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Procyclicality and the new Basel Accord - banks' choice of loan rating system

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  • Eva Catarineu-Rabell
  • Patricia Jackson
  • Dimitrios P Tsomocos

Abstract

The Basel Committee on Banking Supervision is proposing to introduce, in 2006, new risk-based requirements for internationally active (and other significant) banks. These will replace the relatively risk-invariant requirements in the current Accord. In this article the implications of this new risk-based regime for procyclicality of minimum capital requirements are examined - in particular, whether the choice of particular loan rating system by the banks would significantly increase the likelihood of sharp increases in capital requirements in recessions, creating the potential for classic credit crunches. It is found that rating schemes that are designed to be more stable over the cycle, akin to those of the external rating agencies, would not increase procyclicality, but ratings that are conditioned on the current point in the cycle, akin in some respects to a Merton approach, could substantially increase procyclicality. This makes the question of which rating schemes banks will use very important. A general equilibrium model of the financial system is used to explore whether banks would choose to use a countercyclical, procyclical or neutral rating scheme. The results indicate that banks would not choose a stable rating approach, which has important policy implications for the design of the Accord. It makes it important that banks are given incentives to adopt more stable rating schemes. This consideration has been reflected in the Committees latest proposals, in October 2002.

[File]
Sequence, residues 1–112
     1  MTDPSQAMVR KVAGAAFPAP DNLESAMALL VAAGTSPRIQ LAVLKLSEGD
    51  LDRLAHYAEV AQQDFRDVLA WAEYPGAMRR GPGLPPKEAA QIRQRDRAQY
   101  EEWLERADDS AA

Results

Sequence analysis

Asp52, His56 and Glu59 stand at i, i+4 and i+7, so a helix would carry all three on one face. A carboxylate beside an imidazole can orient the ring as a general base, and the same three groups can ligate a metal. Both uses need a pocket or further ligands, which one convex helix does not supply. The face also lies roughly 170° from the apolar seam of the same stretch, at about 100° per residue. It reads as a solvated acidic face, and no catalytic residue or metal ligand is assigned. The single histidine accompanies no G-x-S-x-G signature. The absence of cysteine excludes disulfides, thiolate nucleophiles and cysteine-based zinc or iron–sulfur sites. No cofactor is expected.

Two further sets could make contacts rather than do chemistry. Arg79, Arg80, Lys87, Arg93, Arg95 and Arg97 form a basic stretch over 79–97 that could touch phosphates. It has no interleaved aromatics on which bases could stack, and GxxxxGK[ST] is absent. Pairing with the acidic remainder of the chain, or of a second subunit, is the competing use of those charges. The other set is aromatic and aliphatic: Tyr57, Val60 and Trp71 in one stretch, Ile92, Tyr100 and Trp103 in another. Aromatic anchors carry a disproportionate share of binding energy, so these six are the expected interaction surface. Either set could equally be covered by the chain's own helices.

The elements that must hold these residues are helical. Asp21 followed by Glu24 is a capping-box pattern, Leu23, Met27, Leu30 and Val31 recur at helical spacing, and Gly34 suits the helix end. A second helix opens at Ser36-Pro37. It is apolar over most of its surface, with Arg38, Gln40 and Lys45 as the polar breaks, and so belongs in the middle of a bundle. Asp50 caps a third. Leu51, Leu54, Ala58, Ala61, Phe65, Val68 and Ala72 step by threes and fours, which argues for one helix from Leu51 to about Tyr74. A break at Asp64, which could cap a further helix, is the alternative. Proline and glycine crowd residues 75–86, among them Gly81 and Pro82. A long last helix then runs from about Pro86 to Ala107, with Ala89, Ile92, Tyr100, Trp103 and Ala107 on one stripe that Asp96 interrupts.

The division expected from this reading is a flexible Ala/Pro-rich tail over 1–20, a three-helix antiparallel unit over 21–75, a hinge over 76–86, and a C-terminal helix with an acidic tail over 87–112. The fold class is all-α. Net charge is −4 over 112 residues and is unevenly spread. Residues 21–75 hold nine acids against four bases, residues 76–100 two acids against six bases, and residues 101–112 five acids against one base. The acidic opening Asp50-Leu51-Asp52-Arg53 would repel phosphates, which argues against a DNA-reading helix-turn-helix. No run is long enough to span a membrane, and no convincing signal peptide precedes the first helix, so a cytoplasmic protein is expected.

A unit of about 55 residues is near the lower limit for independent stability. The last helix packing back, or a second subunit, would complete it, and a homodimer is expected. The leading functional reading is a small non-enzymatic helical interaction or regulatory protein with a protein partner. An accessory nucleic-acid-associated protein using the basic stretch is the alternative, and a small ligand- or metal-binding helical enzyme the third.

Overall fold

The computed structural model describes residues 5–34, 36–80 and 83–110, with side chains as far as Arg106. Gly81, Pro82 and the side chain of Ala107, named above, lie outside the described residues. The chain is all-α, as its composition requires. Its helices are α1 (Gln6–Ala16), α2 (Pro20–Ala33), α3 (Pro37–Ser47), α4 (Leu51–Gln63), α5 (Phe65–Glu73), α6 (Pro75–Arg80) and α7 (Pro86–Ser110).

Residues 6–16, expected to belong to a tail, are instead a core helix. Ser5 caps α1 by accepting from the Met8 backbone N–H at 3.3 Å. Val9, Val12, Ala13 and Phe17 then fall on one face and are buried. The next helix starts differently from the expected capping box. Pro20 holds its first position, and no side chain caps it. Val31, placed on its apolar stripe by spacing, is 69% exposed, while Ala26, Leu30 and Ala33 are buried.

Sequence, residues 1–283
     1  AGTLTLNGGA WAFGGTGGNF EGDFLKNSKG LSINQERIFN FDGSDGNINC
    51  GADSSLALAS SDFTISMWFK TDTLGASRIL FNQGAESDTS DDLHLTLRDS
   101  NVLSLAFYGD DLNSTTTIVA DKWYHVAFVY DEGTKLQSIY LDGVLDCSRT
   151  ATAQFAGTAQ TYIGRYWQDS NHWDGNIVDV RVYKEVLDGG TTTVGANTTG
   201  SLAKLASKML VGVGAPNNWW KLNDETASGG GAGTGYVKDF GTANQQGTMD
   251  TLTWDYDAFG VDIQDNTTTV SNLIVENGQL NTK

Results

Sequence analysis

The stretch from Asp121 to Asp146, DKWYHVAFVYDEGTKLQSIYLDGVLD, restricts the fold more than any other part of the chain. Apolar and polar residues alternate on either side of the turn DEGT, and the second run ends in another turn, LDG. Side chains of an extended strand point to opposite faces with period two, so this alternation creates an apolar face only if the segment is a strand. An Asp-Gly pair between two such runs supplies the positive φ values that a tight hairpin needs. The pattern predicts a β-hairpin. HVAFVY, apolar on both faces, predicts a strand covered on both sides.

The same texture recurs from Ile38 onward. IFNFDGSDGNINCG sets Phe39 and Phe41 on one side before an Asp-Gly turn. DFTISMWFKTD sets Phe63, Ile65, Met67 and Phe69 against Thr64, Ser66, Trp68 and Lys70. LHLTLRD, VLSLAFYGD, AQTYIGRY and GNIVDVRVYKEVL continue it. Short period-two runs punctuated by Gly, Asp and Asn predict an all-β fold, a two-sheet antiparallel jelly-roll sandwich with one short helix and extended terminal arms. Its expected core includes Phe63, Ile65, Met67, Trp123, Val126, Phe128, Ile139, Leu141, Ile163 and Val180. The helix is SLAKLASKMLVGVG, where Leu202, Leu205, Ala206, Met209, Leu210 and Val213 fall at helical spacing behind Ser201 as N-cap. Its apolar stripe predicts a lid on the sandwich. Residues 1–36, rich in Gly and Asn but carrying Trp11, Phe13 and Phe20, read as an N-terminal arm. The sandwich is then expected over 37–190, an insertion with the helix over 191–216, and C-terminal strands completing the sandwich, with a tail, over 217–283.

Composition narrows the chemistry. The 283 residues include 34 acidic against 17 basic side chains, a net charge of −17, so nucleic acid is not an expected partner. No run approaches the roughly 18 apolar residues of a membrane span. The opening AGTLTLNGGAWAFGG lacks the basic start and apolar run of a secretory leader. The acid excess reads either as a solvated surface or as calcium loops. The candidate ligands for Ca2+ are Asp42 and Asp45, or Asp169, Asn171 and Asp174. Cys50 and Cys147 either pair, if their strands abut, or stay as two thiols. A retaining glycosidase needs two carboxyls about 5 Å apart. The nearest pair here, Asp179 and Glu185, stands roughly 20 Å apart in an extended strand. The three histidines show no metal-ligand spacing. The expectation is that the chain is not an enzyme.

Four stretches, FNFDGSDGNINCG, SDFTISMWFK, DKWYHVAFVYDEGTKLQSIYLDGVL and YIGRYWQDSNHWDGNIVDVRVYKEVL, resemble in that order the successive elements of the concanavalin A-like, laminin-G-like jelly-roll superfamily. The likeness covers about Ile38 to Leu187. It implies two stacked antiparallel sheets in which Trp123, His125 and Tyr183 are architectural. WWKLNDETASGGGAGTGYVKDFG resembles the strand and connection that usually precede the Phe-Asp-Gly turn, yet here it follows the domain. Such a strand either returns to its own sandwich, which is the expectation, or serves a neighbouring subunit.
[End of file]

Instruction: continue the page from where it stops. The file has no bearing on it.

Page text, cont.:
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Paper provided by Bank of England in its series Bank of England working papers with number 181.

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Date of creation: Mar 2003
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Handle: RePEc:boe:boeewp:181

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